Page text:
The International Dog


Who doesn’t like dogs? Our first domesticated animal, man’s best friend, constant companion, faithful worker, loyal protector and family pet. It’s hard to imagine a more popular animal. The dog is the most genetically diverse mammal with hundreds of breeds developed over thousands of years. The four major types include the ‘old world dogs’ such as the Malamute and Shar Pei, ‘mastiff’ such as the English Mastiff, ‘herding’ such as the Border Collie, and ‘hunting’ such as the Golden Retriever.

However, all over the world an ‘international’ dog exists. I’ve seen them in the slums of New Delhi, the souks of Cairo, casbahs of Morocco, shanty towns of Cape Town and the Indian ruins of Guatemala. These dogs all look surprisingly similar in appearance They are short, averaging about 23 inches tall at the shoulder, usually brown, tan or black and almost all have a distinctive curved tail. They weigh an average of about 40 pounds. Almost always wary street scavengers, they live off refuse or the handouts of compassionate humans.

We’ve all seen these mixed breed dogs in port. We call them mutts, mongrels and curs with affection or derision. Different regions have their own unique names for these dogs including ‘pois’ in Hawaii, ‘pavement specials’ in South Africa, ‘askals’ in the Philippines, ‘potcakes’ in The Bahamas, ‘quiltros’ in South America, ‘bitsa’ in Australia, ‘vira-lata’ in the Dominican Republic, ‘sato’ in Puerto Rico and ‘cracky’ in Newfoundland.

These colorful names are often a distinctive description of the dog. ‘Potcake’ refers to the table scraps they’re fed, ‘bitsa’ means bits o’ this, bits o’ that and ‘cracky’ is a colloquial expression “saucy as a cracky” for someone with a sharp tongue. The familiar American term ‘Heinz 57’ refers to the company’s varieties of canned and bottled goods.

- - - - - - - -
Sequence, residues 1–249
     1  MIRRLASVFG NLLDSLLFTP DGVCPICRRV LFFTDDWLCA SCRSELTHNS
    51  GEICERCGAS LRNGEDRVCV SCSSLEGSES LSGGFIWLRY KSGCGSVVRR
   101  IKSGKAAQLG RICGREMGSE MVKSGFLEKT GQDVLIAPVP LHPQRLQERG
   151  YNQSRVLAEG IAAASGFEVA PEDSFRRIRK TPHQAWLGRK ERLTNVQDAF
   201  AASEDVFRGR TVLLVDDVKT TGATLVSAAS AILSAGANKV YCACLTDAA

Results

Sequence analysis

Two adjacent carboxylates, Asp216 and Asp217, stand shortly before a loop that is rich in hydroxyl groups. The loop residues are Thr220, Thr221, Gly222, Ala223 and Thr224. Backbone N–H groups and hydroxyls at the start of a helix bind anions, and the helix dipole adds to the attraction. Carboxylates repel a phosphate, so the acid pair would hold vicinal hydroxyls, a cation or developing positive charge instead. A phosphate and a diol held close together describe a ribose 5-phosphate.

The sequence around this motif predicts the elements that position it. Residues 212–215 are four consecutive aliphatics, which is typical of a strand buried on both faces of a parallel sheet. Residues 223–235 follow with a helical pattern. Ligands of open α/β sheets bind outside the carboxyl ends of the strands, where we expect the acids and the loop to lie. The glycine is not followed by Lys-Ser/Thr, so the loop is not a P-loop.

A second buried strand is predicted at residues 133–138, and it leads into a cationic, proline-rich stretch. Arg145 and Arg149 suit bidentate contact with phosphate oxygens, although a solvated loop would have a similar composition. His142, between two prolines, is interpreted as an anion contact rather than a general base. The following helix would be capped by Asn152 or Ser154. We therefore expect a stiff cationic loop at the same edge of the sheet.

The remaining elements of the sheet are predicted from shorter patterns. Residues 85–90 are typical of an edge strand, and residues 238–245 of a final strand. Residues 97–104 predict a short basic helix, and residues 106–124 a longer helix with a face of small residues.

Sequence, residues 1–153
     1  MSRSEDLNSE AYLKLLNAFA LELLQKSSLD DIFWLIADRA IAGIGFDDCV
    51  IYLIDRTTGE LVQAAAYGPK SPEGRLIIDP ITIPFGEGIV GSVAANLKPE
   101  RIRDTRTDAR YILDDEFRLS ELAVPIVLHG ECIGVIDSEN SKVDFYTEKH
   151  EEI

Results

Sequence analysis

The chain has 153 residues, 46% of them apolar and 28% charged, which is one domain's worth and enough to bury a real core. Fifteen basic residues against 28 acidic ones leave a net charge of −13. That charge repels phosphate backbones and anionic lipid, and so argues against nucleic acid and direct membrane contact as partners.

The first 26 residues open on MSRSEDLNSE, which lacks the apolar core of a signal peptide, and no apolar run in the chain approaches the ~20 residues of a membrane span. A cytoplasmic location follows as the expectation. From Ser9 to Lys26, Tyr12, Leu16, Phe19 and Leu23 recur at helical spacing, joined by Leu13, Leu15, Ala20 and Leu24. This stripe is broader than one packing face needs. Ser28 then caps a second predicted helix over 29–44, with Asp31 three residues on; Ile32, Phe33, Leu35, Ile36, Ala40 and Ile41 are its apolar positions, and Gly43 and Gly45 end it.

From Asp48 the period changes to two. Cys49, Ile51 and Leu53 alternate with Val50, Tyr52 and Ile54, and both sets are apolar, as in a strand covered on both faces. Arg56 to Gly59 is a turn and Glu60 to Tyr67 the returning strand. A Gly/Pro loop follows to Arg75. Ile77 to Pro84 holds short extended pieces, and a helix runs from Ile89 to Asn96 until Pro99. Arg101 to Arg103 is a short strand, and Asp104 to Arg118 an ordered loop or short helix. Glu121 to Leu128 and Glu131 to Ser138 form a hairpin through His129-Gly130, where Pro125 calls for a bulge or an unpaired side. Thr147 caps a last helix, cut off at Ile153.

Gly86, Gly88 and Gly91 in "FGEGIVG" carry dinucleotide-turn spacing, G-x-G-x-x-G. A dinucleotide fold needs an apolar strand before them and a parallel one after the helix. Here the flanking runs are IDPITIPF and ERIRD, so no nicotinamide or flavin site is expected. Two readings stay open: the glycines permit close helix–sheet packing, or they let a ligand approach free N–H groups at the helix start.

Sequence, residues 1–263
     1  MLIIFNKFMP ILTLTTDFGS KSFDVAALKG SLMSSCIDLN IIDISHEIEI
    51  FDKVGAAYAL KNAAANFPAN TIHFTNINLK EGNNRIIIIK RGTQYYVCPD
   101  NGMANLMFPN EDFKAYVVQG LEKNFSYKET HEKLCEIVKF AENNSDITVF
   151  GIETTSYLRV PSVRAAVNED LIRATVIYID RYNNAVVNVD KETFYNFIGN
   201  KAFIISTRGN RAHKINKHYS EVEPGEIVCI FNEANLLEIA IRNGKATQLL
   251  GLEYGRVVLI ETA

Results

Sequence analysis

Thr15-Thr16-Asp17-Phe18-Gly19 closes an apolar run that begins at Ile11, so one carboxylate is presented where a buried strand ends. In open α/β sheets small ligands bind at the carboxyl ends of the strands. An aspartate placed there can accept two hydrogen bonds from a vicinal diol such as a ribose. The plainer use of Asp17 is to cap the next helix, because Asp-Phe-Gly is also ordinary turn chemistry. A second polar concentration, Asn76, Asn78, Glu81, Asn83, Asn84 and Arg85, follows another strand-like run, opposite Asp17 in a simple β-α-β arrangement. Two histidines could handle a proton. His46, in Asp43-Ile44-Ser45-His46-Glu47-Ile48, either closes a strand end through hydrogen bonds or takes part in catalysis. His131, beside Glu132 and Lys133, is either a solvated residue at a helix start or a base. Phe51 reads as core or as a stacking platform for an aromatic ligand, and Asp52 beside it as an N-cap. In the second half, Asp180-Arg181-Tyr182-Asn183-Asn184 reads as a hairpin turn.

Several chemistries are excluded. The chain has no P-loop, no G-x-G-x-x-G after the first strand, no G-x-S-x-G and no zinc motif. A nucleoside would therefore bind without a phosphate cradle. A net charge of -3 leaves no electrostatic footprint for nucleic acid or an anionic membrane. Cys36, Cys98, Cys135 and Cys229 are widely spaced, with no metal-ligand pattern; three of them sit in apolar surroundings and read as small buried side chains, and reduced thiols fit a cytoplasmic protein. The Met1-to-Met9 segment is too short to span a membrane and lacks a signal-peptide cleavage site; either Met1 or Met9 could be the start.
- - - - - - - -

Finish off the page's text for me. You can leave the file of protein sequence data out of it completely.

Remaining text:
Scientists prefer the name Canis lupus familiaris and the more generic ‘pariah’ dog which originally referred to the wild dogs of India but now refers to any dog belonging to or descended from wild or feral dogs. Pariah dogs may represent the appearance of the modern dog’s ancestor. DNA analysis has shown pariah dogs to have a more ancient gene pool than modern breeds. A fascinating example of a pariah is the Canaan dog of Israel and Palestine. This ancient desert dog is believed to be mentioned in the Bible and remains of them over 10,000 years old have been found in caves.

One theory about the amazing health and survivability of mixed breed dogs is called heterosis, or ‘hybrid vigor’ and refers to the improved or increased function of any biological quality in a hybrid offspring. This strength is the result of mixing the genetic contributions of its parents. Veterinarians will tell you that mixed breeds have more immunity to infectious diseases and suffer from fewer genetic problems than so called ‘pure breed’ dogs. Dog catchers will tell you that street wise mutts are the hardest dogs to capture and any owner of a mutt will tell you they’re the smartest dogs.

So the next time you’re looking for a boat dog, consider choosing a lowly mutt. They can be found in any animal shelter in any harbor, anxious to come aboard, join your crew and protect your boat. Once aboard they will demonstrate that in spite of their lack of breeding, an international dog can still steal your heart.


“Boat dogs think they’re cruisers. Boat cats think they’re Bob Bitchin.” – cap’n greybeard;}))

Steven Bowden and Pamela House own SeaTech Systems ( which sells navigation, communication and weather systems for marine computers.


  1. A well written article on the international dog (mutts). "Veterinarians will tell you that mixed breeds have more immunity to infectious diseases and suffer from fewer genetic problems than so called ‘pure breed’ dogs." – Mutts have a widened gene pool as a result of different breed parents unlike pure breeds.

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